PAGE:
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A CIRCULAR HEM is often used on a skirt or garment that is not straight at the lower edge.

If the material is soft in texture, the top of the hem is simply turned under and a gathering-thread run in close to the turning. (Ill. 175.) Draw the gathering-thread till the top of the hem is the same size as the part to which it is to be sewed. (Ill. 175.) Blind-stitch it or machine-stitch it to the garment.

The New Dressmaker, 1921, Ill. No. 0175.pngIll. 175. A Circular Hem with the Edge Turned Under If the material of the garment is of heavy weight the upper edge should be gathered without turning it under (Ill. 176) and the raw edge should be covered with a strip of seam-binding. (Ill. 176.) The lower edge of this seam-binding should be sewed to the hem but not to the garment.

Before sewing the top of the hem in place slip a piece of muslin cut the shape of the bottom of the garment under the hem and press the hem flat, shrinking out as much of the fulness as possible. The piece of muslin will prevent the fulness in the hem from making marks on the garment during the pressing. The New Dressmaker, 1921, Ill. No. 0176.pngIll. 176. Covering the Raw Edge of a Circular Hem with Seam Binding The piece of muslin need not be the full width or size of the garment or hem. It can be a comparatively short piece and can be moved as the pressing is done.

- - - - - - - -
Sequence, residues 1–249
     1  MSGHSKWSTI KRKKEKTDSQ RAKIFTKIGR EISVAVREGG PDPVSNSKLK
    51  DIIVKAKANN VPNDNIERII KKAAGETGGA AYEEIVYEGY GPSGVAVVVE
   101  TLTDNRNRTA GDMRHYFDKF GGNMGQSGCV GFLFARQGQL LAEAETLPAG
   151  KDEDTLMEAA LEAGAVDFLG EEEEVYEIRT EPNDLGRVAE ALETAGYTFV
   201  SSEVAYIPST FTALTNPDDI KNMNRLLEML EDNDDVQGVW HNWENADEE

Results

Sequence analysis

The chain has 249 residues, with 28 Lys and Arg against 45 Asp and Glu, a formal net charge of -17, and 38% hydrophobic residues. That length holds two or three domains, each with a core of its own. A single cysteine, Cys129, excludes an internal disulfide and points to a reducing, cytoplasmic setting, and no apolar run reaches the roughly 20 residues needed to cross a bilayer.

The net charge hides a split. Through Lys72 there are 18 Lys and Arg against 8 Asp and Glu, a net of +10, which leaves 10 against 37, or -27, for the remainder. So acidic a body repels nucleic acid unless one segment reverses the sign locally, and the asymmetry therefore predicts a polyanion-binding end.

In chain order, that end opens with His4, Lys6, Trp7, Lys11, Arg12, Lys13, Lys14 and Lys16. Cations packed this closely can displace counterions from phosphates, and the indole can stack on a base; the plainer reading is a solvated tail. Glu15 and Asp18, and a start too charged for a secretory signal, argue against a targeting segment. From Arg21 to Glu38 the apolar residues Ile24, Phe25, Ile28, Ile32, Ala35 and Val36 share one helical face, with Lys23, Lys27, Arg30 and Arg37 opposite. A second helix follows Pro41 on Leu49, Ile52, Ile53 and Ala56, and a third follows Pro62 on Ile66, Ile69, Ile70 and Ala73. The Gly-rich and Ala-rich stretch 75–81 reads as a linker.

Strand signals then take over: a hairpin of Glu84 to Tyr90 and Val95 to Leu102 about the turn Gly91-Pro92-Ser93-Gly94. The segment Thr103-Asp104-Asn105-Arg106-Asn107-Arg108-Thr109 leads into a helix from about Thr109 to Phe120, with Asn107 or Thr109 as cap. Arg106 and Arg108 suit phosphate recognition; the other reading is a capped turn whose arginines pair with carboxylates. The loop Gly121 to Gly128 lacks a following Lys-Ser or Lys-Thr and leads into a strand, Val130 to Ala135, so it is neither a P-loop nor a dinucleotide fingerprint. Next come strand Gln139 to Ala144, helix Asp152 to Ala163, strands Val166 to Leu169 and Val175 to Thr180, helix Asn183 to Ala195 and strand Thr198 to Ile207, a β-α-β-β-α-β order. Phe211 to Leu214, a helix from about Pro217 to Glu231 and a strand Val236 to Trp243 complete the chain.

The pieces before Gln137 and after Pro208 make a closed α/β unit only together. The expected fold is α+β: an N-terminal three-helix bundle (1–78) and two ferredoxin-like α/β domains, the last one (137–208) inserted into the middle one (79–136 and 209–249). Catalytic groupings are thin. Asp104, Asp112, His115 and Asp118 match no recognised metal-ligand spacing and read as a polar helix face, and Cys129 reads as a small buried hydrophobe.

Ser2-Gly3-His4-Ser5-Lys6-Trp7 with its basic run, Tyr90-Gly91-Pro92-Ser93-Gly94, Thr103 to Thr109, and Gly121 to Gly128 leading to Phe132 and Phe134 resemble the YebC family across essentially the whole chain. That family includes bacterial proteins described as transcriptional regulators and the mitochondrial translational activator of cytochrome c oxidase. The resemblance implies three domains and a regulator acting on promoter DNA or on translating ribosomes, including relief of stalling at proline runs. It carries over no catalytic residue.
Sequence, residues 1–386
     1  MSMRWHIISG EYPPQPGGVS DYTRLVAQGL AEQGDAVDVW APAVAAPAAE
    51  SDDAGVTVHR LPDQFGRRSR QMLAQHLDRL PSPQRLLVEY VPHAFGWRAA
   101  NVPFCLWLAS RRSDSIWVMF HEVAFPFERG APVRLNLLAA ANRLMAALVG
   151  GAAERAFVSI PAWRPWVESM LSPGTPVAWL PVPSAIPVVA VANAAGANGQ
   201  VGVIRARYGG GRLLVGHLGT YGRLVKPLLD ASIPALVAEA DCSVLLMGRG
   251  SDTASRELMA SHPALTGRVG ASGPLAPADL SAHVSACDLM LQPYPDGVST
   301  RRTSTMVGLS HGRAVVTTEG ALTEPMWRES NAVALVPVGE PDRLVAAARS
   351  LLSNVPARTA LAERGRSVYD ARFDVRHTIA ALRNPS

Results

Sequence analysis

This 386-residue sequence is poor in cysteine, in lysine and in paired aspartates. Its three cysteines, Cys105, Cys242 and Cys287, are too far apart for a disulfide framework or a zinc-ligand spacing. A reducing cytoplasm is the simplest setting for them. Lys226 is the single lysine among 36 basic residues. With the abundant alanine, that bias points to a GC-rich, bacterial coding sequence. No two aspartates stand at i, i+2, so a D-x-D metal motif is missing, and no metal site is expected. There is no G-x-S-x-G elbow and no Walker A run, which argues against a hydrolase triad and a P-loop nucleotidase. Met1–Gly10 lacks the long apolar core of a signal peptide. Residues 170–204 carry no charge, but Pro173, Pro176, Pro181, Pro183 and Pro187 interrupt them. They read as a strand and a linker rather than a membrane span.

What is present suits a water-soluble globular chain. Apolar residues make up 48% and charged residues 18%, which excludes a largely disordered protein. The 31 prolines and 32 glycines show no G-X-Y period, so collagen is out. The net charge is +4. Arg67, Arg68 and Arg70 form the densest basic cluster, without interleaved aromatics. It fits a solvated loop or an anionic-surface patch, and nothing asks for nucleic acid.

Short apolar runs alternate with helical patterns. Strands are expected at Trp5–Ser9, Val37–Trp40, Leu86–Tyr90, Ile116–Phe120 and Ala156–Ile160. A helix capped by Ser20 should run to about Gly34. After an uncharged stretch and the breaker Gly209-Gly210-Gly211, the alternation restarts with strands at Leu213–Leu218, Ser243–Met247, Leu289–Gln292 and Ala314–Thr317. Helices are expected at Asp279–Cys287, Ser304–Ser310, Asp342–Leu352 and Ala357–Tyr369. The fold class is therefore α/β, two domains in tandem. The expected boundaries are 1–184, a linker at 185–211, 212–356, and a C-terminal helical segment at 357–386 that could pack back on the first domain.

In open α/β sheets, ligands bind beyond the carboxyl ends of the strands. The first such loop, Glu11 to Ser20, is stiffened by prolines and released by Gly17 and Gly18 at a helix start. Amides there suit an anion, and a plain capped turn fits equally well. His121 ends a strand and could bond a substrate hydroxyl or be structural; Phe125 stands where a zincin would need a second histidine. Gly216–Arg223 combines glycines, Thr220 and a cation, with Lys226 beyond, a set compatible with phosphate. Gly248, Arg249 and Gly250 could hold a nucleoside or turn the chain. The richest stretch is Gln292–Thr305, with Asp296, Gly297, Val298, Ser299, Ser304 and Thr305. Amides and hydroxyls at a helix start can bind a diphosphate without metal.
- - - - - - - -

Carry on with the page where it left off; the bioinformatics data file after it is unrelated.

After the hem has been pressed in this manner, hem the upper edge of the seam binding to the garment with invisible stitches.

A HEM FOR A SLIGHTLY GORED OR STRAIGHT SKIRT. The hem edge is turned under in the usual way. If an invisible sewing is desired, the turned-under edge of the hem is stitched close to the turning and then blind-stitched neatly and carefully to the garment.